April 18, 2014

Fr. Hopko at Hope College, Feb. 23-24

Fr. Thomas Hopko, an advisor to AOI, will be speaking at an event titled "Encountering Eastern Orthodoxy: An Introduction to the Faith and Life of the Eastern Orthodox Christian Church" at Hope College in Holland, Mich. The two-day program (Feb. 23-24) "will examine the Orthodox Christian faith as a way of life." The event is hosted by the college's Orthodox Christian Fellowship student organization in partnership with the Religious Life Committee at Hope, and co-sponsored by the departments of philosophy and religion, the general education program, and the offices of student development and campus ministries. The public is invited and welcome, the school says. Admission is free to all events, although a free-will offering to benefit Orthodox Christian Fellowship at Hope College will be taken after the lecture on Monday evening. For more on the lectures, and a schedule of worship services, read the release on the Hope College site. … [Read more...]

Alexy II: A ‘Transitional’ Patriarch

Vladimir Berezansky, Jr., a U.S. lawyer with experience in Russia and former Soviet republics, recalls an interview with Patriarch Alexy II in 1991. Like many Russians at the time, the Patriarch was coping with a "disorienting change" following the fall of the Soviet Empire, Berezansky writes. At the time, he seemed overcome by the changes taking place around him, and he did not know where to begin. "For our entire lives, we [clerics] were pariahs, and now we are being called on to do everything: chaplains for the military, ministries to hospitals, orphanages, prisons," he said. He even voiced regret about taking the time to travel to the United States. But he had gambled -- correctly, as it turned out -- that he could do more for his flock by seeking foreign assistance than by staying home to manage the Russian Orthodox Church's destitution. His plate was full and overflowing, and he seemed keenly aware of the ironies of his situation. The Russian state was returning … [Read more...]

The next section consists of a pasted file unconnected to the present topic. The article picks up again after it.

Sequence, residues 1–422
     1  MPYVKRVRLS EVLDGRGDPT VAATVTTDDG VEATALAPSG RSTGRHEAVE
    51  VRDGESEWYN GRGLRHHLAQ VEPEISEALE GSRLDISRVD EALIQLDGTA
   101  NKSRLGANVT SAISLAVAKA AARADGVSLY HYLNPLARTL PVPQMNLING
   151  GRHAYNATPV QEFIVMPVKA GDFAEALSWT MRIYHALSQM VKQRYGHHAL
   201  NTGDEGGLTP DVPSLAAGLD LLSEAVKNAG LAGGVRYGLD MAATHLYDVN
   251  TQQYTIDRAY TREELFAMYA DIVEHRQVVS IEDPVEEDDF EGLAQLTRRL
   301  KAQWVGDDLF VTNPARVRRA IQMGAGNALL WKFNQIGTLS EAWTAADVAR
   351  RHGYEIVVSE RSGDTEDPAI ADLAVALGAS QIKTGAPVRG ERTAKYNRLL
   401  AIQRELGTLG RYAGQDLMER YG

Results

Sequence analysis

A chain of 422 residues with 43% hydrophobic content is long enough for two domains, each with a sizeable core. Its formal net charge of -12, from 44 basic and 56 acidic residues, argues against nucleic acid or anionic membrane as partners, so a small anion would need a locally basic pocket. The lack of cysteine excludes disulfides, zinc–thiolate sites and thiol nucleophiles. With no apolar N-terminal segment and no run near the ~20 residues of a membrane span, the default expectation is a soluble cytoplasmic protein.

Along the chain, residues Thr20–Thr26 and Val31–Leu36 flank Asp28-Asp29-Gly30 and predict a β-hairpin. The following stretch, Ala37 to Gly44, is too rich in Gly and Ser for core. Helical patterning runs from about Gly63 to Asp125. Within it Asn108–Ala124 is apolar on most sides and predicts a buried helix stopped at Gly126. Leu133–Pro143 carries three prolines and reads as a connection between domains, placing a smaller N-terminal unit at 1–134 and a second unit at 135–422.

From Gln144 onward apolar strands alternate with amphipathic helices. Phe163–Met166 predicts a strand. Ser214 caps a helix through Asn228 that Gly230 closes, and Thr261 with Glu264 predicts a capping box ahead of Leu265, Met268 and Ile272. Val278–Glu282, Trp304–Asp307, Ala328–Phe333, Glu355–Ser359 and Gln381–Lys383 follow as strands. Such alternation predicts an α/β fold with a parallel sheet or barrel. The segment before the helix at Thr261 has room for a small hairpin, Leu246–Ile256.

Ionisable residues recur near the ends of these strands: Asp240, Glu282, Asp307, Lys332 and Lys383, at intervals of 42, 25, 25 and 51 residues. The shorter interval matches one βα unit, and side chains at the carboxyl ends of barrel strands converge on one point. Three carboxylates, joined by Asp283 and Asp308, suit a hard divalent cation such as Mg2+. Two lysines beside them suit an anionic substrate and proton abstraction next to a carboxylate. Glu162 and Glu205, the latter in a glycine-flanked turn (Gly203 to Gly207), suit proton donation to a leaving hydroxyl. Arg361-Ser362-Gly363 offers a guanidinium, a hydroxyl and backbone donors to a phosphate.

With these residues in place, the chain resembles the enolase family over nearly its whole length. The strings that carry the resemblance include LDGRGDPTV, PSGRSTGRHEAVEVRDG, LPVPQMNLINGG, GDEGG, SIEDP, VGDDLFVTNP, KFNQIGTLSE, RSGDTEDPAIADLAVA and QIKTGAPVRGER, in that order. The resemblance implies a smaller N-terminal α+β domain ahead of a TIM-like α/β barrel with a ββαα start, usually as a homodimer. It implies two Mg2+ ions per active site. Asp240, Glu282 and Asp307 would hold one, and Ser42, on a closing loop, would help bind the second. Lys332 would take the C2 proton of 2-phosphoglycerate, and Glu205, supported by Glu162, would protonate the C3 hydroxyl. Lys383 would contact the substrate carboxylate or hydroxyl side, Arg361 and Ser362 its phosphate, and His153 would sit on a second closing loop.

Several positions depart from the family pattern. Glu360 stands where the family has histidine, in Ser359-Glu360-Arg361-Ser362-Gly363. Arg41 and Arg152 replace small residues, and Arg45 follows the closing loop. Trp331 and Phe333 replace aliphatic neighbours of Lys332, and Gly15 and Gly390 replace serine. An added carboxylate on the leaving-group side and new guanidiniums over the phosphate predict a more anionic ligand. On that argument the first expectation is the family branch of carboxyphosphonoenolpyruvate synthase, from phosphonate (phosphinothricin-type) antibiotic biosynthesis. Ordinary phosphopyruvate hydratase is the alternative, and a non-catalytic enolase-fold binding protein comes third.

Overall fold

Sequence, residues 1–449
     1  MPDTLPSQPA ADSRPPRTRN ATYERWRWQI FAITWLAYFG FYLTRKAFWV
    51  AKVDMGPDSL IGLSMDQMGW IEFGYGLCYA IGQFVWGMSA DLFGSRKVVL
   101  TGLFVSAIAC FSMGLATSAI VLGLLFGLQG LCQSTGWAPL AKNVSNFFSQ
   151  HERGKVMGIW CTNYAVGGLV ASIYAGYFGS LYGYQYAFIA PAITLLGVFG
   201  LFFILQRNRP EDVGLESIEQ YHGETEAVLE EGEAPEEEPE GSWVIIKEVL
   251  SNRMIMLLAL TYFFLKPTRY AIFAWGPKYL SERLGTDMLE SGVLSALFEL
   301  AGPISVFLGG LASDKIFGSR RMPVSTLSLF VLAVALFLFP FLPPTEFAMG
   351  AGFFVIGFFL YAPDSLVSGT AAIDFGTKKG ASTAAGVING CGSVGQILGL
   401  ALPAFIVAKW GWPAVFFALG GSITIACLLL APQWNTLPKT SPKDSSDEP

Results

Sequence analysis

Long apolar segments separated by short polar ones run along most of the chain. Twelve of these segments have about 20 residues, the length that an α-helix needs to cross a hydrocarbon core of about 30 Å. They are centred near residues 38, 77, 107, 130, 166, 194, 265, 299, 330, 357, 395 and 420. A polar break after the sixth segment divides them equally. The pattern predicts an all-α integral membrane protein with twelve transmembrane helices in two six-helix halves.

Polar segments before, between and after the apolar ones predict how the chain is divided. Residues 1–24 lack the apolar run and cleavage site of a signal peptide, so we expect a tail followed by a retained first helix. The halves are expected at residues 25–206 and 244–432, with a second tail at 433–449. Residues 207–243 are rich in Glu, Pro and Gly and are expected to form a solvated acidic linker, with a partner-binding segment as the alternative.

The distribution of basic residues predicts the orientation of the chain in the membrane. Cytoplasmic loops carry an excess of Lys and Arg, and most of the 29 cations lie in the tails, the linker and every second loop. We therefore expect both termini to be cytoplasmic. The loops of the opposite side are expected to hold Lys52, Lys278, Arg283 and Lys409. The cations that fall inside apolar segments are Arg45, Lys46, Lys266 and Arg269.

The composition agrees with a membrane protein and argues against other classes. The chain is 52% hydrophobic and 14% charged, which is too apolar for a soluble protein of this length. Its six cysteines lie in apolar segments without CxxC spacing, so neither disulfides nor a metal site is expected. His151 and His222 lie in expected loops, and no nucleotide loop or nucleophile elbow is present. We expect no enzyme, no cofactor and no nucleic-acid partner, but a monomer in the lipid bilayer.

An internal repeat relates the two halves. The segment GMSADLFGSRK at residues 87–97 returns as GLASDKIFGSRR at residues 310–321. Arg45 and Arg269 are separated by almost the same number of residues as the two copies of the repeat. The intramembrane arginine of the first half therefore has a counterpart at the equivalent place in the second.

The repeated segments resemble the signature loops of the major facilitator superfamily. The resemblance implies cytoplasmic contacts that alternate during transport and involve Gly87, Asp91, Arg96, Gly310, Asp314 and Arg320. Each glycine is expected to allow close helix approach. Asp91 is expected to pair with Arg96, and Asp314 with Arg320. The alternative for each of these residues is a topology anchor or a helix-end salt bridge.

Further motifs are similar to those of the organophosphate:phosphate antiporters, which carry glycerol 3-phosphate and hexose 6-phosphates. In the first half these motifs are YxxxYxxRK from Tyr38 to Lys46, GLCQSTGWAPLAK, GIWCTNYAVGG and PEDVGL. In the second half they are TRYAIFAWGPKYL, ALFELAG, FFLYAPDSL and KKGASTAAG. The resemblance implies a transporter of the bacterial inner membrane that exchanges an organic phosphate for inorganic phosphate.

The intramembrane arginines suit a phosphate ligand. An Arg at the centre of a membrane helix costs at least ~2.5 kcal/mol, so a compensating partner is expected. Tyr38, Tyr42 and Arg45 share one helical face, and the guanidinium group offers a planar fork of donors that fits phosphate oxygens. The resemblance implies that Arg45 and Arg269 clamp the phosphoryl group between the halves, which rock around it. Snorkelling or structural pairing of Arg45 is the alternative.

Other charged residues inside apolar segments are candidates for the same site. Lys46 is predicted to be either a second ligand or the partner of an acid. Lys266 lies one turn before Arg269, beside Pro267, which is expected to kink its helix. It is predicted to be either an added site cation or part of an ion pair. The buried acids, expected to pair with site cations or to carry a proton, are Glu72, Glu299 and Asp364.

The Church and the Terror State

Priests, archbishops and a metropolitan imprisoned in the Solovetsky labor camp (1926). Solovetsky, a thriving monastery before the Bolshevik takover, was returned to the Russian Church in 1990. Source: Tomas Kizny

The Moscow Times reports on the funeral of Russian Patriarch Alexy II: Candles flickered and white-robed elders chanted prayers as the country bade farewell Tuesday to Patriarch Alexy II, who guided the country's dominant Russian Orthodox Church through its remarkable recovery after decades of Communist-era repression. Nuns, believers and government officials looked on as prayers filled the soaring Christ the Savior Cathedral at a six-hour funeral service for Alexy, who died Friday at age 79. He was buried later Tuesday at the Epiphany Cathedral across town in a ceremony closed to the public and media, the church said ... "We are burying a great man, a great son of our nation, a beautiful holy fruit grown by our Russian church," Reverend Dmitry Smirnov, a Moscow archpriest, said in an address at the funeral, which was broadcast live on state-run television. "Our whole nation has been orphaned." The BBC has a clip from the very moving funeral service here. I published "The … [Read more...]